Chevalier K, et al. Rev Med Interne 2020.
INTRODUCTION: Adenopathies are a frequent cause of recourse in internal medicine. When histological analysis reveals the presence of granuloma, multiple infectious or non-infectious etiologies are considered. If diagnoses of lymphoma, sarcoidosis or tuberculosis are easily mentioned, tularemia should also be considered in the differential diagnosis.
OBSERVATION: A 54-year-old patient had a fever at the evening with night sweats and a cough resistant to two lines of antibiotics. A thoraco-abdomino-pelvic CT scan revealed hilar and mediastinal adenopathies that appeared hypermetabolic with PET-TDM, as well as pulmonary nodules. A PCR performed on lymph node biopsy and serology allowed the diagnosis of tularemia. The evolution was favourable after antibiotic treatment.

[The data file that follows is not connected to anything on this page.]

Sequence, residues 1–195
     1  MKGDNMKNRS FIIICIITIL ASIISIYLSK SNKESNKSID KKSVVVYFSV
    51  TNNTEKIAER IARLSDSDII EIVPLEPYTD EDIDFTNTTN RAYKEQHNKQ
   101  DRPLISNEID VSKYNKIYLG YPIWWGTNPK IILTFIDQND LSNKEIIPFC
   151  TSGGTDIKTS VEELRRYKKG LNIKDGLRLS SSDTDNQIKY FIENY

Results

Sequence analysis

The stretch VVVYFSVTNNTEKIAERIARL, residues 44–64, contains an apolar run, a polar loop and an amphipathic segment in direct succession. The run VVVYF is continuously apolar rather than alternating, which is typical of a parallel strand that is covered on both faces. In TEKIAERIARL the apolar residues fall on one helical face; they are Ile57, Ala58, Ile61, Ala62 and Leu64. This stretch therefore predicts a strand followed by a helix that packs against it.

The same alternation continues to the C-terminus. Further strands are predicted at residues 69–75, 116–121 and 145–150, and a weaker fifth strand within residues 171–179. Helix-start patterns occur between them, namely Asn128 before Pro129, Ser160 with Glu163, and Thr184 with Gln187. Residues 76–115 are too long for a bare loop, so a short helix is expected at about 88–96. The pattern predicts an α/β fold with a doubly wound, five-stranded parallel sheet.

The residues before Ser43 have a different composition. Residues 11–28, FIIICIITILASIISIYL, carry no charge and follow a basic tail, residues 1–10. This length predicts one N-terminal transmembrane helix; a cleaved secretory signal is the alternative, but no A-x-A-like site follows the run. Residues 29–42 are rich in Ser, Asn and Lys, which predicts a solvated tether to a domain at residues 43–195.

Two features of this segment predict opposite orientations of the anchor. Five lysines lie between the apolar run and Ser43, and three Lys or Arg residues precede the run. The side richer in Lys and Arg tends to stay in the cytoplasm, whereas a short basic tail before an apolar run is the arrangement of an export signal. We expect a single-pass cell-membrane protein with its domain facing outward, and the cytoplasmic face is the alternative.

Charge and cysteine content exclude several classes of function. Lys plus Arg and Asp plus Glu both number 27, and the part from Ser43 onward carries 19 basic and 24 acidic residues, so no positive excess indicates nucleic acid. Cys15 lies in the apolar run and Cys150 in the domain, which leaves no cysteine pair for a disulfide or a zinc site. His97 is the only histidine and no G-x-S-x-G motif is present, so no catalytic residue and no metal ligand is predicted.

CONCLUSION: The association of fever, night sweats, altered general state and mediastinal adenopathies should be considered as a diagnosis of tularemia. Ganglionic biopsy, combined with molecular biology techniques and serology, can confirm the diagnosis.